With Hazel, the real problems began after all that rain ended and the watershed flooding rushed downstream, washing away cars and bridges and tearing houses from their foundations. Downstream dams collapsed. Both the 400 and the 401, the two major highways in the area at the time, were underwater. Fred Turnbull, who headed the airport weather office at the time, described it “like dumping a lake the size of Lake Simcoe on the Humber River drainage area and having it all trying to get out of the way of the river at once.”
Just like with Hazel, the soil was also already saturated in the 2013 Toronto flash flood, but that wasn’t the real problem. This time, there was simply nowhere for most of the water to go, because a lot of what used to be soil and streams is now concrete and asphalt. The soil didn’t have a lot of space left for the water, but the roadways had none! So after the rain sewers were overwhelmed, the rain did the only thing it could do. It turned all low-lying underpasses into ponds and all low-lying roadways into rivers.
The 400 and 401 didn’t flood this time around. Most of the rivers flow away from them, and this time, the water didn’t come from far upstream like it did during Hurricane Hazel. The 427 and Don Valley Parkway did flood. Neither of them had been built yet when Hurricane Hazel hit. The DVP’s one of the two major highways which goes straight from the 401 to downtown Toronto, so it really should be considered part of the most heavily used highway system in North America.
Sometimes the water tried to run under the roadways, and that’s when subways flooded and sinkholes appeared. It doesn’t help at all that all the rail and subway systems start off close to the shore of Lake Ontario. Large parts of the Toronto Transit System and the GO system of commuter trains were completely shut down. The daily weekday ridership of the TTC subway alone is over a million people!
There was a subway when Hurricane Hazel hit, barely. The TTC Yonge line had just opened earlier that same year! When Hazel hit, the Yonge Street streetcar tracks had just been torn up, and the grand reopening ceremony after all that deconstruction was finally done was turned into a fundraising event to help the families who had been victimized by Hazel.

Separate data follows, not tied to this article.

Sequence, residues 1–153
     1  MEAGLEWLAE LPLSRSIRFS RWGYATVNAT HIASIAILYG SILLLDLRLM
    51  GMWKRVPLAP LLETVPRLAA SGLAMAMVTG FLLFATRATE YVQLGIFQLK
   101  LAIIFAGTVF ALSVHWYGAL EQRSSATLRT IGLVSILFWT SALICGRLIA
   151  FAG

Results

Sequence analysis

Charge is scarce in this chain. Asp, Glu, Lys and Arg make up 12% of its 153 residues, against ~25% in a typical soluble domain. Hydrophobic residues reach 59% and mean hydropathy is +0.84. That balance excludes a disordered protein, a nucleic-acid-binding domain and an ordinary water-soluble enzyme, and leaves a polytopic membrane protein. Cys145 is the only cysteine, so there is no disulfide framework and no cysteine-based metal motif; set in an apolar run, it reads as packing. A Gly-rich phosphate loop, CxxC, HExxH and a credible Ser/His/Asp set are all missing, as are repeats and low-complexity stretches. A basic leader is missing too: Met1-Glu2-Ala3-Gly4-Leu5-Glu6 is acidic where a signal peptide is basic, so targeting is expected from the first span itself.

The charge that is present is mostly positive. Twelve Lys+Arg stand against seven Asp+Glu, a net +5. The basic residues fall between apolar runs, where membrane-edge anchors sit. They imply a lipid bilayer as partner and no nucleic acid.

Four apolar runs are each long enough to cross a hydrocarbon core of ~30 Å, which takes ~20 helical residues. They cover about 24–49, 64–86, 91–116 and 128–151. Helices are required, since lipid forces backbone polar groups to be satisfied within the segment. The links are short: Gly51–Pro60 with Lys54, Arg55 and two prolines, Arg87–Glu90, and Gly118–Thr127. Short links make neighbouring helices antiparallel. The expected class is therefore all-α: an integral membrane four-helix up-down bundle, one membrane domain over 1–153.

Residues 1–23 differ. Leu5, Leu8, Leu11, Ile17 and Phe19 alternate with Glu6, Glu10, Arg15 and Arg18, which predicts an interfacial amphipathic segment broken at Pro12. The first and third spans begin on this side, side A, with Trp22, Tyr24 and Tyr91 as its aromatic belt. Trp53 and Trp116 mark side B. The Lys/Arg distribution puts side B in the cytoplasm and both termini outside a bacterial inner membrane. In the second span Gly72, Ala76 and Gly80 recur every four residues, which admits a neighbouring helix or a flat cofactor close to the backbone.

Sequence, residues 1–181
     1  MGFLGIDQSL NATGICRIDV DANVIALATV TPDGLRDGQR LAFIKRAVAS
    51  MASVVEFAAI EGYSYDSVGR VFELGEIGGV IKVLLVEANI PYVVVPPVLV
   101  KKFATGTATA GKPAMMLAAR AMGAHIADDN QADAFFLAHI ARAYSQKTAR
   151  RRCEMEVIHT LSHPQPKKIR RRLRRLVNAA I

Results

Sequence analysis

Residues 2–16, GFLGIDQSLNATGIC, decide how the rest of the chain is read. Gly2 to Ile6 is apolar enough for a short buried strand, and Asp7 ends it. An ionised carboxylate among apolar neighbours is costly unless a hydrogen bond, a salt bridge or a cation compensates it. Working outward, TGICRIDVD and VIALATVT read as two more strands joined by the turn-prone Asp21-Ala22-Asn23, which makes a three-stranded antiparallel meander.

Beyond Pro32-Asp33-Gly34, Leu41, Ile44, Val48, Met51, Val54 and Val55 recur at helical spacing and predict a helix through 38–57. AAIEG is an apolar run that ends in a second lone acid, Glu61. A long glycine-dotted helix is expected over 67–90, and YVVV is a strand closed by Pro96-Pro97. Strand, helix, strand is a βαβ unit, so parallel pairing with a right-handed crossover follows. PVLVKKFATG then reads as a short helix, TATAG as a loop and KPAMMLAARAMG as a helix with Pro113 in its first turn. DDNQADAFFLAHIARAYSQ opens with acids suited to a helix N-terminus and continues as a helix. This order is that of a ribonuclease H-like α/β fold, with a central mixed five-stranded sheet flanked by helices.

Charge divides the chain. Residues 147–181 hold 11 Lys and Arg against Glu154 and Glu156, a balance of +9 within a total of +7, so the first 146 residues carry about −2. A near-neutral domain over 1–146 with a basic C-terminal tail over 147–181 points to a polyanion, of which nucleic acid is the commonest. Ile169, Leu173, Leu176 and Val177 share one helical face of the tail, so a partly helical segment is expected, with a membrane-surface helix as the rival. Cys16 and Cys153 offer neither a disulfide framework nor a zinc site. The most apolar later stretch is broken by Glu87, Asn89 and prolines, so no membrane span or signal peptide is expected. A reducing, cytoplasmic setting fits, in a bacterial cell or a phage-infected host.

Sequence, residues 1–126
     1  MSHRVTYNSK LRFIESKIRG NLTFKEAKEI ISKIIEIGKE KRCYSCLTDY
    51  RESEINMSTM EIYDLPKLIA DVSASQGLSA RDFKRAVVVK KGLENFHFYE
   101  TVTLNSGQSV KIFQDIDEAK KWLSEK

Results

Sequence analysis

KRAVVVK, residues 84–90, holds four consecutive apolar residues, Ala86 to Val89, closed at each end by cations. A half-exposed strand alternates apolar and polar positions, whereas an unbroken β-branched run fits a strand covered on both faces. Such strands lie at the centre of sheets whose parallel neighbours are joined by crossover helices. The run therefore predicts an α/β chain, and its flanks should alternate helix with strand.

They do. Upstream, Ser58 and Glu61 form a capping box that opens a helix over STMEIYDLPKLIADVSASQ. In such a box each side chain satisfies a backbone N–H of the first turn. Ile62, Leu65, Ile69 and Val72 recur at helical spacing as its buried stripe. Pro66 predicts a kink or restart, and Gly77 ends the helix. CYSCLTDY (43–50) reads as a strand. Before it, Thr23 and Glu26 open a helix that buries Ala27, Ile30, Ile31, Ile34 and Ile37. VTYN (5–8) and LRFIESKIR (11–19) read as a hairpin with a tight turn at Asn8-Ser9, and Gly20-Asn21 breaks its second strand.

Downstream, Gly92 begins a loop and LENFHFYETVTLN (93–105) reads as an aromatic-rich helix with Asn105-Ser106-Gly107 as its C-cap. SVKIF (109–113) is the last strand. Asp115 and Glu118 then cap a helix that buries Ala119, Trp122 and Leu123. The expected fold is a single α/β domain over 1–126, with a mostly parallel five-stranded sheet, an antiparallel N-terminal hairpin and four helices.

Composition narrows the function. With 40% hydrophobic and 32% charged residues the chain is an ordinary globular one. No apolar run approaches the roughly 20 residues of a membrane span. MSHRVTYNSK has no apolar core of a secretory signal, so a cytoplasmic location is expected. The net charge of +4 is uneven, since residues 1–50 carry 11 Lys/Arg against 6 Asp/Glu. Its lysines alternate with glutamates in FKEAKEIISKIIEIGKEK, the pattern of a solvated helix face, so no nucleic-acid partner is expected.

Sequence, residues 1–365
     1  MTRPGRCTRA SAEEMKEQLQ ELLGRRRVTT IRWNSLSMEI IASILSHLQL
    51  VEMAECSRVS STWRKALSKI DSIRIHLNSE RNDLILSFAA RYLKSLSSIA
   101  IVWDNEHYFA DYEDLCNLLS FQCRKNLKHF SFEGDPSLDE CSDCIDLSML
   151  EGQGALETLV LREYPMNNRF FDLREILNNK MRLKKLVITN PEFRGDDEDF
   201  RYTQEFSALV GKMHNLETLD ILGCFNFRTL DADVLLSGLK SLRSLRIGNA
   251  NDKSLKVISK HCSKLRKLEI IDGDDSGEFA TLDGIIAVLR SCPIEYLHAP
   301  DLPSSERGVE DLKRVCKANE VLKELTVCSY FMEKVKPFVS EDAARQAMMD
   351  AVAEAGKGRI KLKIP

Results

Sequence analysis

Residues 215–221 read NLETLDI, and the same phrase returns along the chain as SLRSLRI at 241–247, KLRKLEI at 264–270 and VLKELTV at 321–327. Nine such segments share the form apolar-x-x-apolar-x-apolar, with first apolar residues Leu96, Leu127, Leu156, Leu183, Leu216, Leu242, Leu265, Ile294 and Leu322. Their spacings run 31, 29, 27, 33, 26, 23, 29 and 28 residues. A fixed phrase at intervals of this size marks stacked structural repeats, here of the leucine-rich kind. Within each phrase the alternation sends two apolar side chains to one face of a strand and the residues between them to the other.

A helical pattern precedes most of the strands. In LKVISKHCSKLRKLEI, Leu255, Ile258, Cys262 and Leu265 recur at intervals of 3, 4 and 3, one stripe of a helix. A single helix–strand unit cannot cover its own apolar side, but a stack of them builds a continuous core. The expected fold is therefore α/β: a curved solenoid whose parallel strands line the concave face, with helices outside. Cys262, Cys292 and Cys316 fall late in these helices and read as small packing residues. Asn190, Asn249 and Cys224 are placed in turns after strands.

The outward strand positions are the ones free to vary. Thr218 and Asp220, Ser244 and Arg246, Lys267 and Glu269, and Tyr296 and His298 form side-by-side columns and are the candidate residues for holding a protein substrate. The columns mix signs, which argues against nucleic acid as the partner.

But there wasn’t as much rain in Toronto during Hazel as there was in 2013. Besides, at that time, the subway line only ran up the hill from Union Station to Eglinton, so the flooding rivers never touched it.
The really embarrassing part is that it’s not the first time the DVP’s flooded. It’s not even the first time in 2013! It’s one of those roads that’s in a perfectly logical place when it comes to traffic, but it’s also in a perfectly logical place when it comes to the Don River floodplain. It’s kind of ironic that even though a major highway was badly needed in the area, construction was originally banned in the Don Valley after the Hurricane Hazel flooding. Lots of previous development was turned into city parks. However, the city council approved the DVP a couple of years later and turned over some of those parks to Metro, and construction began in 1958.
Put that kind of thinking together with the aging infrastructure that's common to a lot of cities, and it's a sure bet that this kind of flooding's sure to happen again.
The final picture
By the time Hazel finally left Ontario, it had killed 81 people and caused over $135 million in damage. That’s the equivalent of over $1 billion damage in 2009 dollars. Roads, rail, and bridges were washed out as far north as Barrie.
Even though the flooding came on a lot faster in 2013, Toronto’s recent flash floods didn’t kill anyone. Everyone’s happy about that. A couple of people had to be saved from where they were clinging onto trees, but if they hadn’t decided to leave the flooded commuter train and swim for it, they wouldn’t have gotten into trouble in the first place.
The damage is another thing again. The earliest estimates of damage are already over $600 million. That number’s only going to go up from there. It’s probably going to crack a billion before all is said and done. That would put the 2013 Toronto floods among the top ten Canadian weather disasters ever.